That Provenzano remained a fugitive for almost half a century remains impressive; still more so given the location of his hideaway: the village of Corleone, the hideaway of Michael Corleone in The Godfather, the most famous of all Mafia movies (is this not a case apropos Edgar Allan Poe’s The Purloined Letter of hiding in full view, the mechanism of the unconscious?). Yet arguably what was so compelling about his arrest were the accompanying photos of his hideaway: a sparse shepherd’s cottage and outhouse furnished with bales of straw, a broken table, and makeshift chairs. Indeed, the most advanced piece of equipment was his Brother electronic typewriter on which he fashioned his coded messages, and an old television recently acquired to follow the Italian election. Despite being worth an estimated six hundred million euro, Provenzano lived the life of an ascetic. Dressed in the attire of a shepherd (the white scarf); living on a diet of vegetables and honey; abstaining from alcohol; il boss dei bossi was a man that spent his days in solitude, sat in silence, reading, writing, and eschewing contact with the outside world. And for this reason one should not greet with surprise as the press did the discovery of five bibles, the fifth open on his cushion with verses from the evangelists underlined, an image of Padre Pio (also venerated by the mafia boss Antonio Giuffré), a rosary, and silver cross. The Christian tradition to which they belong is not incidental to his asceticism, it is the very model of his asceticism.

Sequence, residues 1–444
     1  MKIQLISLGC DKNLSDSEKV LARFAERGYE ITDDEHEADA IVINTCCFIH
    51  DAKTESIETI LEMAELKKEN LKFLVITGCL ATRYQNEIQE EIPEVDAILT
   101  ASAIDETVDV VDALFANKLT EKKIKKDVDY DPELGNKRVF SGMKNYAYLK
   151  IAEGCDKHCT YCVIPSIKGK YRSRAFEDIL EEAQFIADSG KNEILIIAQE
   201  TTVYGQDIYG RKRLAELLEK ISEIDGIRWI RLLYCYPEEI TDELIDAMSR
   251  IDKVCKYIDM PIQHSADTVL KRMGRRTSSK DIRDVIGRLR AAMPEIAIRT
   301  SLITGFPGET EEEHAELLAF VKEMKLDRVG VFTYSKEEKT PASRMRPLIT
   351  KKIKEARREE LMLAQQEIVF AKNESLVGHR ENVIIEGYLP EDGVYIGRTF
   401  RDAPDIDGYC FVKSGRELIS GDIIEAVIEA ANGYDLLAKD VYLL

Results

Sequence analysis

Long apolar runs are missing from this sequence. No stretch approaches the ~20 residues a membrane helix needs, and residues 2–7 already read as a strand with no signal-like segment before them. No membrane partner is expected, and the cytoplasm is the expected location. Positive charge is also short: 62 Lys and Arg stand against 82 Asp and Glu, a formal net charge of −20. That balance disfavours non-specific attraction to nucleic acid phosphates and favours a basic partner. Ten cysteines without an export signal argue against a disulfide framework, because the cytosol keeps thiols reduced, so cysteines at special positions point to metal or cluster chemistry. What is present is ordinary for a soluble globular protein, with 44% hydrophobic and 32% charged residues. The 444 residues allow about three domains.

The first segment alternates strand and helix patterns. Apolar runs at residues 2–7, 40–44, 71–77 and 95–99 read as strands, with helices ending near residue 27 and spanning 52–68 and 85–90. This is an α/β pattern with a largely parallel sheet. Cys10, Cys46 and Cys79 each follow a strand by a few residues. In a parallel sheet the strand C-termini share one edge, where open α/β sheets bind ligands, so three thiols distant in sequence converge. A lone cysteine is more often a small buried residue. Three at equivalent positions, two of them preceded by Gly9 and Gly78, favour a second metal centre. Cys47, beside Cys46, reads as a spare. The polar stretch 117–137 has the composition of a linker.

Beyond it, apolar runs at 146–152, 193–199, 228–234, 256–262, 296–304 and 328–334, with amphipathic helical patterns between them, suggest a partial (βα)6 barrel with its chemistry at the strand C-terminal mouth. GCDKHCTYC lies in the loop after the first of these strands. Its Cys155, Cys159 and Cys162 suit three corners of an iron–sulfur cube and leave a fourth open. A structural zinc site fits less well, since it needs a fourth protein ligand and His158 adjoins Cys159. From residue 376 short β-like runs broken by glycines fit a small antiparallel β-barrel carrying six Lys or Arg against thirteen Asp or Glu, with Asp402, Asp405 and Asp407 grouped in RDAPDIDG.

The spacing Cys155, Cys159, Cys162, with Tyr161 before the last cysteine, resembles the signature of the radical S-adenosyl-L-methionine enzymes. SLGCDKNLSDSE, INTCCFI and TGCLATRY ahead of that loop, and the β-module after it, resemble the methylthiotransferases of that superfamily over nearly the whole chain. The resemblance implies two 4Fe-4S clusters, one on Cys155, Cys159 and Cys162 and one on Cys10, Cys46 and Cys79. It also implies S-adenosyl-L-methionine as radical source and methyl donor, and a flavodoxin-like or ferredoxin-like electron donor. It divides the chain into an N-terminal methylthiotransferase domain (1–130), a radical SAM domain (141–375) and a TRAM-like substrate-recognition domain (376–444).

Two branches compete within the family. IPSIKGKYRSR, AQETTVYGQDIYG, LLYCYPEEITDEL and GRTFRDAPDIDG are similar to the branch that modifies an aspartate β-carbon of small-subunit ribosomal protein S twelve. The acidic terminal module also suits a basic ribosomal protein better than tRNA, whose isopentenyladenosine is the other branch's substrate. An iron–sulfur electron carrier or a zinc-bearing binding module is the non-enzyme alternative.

Likewise, what was striking about the police identikit, was not the success of its predicted likeness (based on a picture taken in 1958 when Provenzano was in his mid twenties), but the difference between the two. The face in the identikit is that of a steely eyed and thin lipped killer; whereas Provenzano appeared almost benign, a gentle faced man with a wry smile. One was reminded of the soft, composed features of Osama bin Laden compared to say Abu Hamsa, the one-eyed, hook-fisted Mullah who conforms precisely to our demonised view of the Islamic Other.